U.S. Government Bonds Settle Into Tight Range

By Sam Goldfarb Features Dow Jones Newswires

U.S. government bonds retraced early gains Friday, ending the day little changed amid signs that investors have grown comfortable with current prices.

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The yield on the 10-year Treasury note settled at 2.248%, compared with 2.254% Thursday. The bond market closed at 2 p.m. and will remain shut Monday in observance of Memorial Day.

Yields, which rise when bond prices fall, had climbed early in the week as the market was flooded with new debt supply from both the Treasury and the private sector. Momentum shifted Wednesday with the release of minutes from the Federal Reserve's May 2-3 meeting, which suggested the Fed would continue to take a cautious approach to tightening monetary policy.

Ultimately, though, the 10-year yield was roughly unchanged on the week, ticking up from 2.243% the previous Friday.

The Bank of America Merrill Lynch MOVE index, which measures expected Treasury bond price swings based on options, settled at 54.3201 Thursday, its lowest level since August 2014.

"We remain in this very tight range," said Larry Milstein, head of government and agency trading at R.W. Pressprich & Co. "I think we've got priced in a Fed hike on June 14 and then it becomes a question mark."

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A round of economic data on Friday had little impact on the market. Economic growth in the first quarter was revised up to 1.2% from 0.7%. But a closely watched proxy for business spending on new equipment was flat in April, disappointing investors who had expected a small increase in orders.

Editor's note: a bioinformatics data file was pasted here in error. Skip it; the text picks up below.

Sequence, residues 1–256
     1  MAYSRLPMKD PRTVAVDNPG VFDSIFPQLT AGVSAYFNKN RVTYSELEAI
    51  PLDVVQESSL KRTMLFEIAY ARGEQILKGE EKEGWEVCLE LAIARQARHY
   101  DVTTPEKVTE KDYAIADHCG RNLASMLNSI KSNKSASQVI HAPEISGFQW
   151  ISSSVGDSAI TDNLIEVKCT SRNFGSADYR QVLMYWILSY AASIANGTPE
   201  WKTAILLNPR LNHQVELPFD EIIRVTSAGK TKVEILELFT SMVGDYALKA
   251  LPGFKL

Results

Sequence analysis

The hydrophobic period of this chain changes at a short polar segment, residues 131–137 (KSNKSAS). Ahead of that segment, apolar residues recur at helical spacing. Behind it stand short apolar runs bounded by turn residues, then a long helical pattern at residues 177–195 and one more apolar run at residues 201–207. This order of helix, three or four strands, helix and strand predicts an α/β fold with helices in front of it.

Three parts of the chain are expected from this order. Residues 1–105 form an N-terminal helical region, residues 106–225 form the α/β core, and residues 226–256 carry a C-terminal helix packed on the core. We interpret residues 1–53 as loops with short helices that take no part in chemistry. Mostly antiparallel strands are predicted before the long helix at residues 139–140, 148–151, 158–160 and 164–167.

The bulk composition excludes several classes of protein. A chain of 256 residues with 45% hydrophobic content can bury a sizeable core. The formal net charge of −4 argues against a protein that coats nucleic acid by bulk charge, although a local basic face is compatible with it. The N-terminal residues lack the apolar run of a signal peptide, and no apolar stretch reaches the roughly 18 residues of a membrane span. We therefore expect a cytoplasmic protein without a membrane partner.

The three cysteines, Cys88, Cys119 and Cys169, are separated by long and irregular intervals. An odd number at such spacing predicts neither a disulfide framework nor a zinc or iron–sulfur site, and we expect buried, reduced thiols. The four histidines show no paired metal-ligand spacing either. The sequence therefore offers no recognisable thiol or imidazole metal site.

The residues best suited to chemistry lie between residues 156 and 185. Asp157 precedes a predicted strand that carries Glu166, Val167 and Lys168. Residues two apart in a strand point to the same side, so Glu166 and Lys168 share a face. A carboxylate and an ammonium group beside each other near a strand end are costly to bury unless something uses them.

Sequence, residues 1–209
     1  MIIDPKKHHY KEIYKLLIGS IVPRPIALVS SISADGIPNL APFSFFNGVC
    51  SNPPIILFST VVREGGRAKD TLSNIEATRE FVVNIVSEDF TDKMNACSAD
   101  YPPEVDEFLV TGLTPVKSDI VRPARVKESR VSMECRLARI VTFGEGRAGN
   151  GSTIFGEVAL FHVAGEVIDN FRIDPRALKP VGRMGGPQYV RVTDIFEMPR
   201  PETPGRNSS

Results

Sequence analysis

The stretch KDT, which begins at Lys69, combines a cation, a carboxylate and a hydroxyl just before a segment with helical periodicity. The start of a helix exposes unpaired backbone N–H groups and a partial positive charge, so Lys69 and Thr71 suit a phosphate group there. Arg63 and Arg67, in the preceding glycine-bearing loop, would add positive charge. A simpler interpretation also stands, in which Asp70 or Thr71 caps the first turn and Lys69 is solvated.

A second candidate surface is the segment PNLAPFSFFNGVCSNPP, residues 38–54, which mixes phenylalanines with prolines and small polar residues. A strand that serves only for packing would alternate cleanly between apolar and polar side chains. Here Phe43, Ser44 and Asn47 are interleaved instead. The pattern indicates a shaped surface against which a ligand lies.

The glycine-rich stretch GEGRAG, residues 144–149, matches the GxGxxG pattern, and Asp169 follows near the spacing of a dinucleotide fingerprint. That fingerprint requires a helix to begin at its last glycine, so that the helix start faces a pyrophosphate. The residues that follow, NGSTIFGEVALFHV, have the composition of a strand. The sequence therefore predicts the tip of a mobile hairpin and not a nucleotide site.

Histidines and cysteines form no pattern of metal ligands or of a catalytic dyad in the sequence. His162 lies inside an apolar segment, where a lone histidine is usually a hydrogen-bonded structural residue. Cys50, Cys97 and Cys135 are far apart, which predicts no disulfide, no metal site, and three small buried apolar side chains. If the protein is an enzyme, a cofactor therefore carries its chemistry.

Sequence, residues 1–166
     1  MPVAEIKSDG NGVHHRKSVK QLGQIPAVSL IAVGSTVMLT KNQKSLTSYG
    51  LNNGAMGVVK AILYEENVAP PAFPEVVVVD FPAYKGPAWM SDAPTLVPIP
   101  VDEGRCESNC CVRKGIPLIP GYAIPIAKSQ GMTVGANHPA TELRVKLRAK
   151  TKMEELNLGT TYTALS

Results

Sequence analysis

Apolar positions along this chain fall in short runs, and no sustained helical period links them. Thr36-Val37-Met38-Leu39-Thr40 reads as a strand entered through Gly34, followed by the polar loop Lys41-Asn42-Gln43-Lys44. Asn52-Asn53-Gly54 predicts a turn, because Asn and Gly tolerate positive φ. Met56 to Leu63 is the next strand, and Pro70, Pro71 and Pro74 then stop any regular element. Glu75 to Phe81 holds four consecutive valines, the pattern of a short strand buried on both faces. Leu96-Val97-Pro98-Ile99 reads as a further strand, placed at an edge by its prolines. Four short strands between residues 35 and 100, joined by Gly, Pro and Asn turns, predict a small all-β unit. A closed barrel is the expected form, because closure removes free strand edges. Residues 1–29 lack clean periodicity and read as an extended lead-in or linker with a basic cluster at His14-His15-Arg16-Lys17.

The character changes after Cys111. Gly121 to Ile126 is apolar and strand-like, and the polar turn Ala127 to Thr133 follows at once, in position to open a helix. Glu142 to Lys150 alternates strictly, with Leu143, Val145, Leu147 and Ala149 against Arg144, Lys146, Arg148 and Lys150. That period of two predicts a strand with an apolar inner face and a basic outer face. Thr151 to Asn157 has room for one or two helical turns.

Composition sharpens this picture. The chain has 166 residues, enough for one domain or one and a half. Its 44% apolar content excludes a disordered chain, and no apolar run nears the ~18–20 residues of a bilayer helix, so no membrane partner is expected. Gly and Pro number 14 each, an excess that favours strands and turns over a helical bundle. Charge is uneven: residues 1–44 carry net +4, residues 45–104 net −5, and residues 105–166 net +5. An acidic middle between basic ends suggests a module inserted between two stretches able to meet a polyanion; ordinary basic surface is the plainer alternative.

Next week could bring more significant data for bond investors. The Fed has strongly signaled that it will raise interest rates at its June 13-14 meeting. But officials have promised to keep a close watch on inflation, and their preferred gauge of consumer prices will be in the spotlight Tuesday.

The Commerce Department's personal-consumption expenditures price index surpassed the Fed's 2% annual target for the first time in nearly five years in February. But it fell back to 1.8% in March, concerning some Fed officials who say the central bank should be careful about tightening monetary policy as long as inflation pressures remain muted.

Write to Sam Goldfarb at sam.goldfarb@wsj.com

(END) Dow Jones Newswires

May 26, 2017 15:03 ET (19:03 GMT)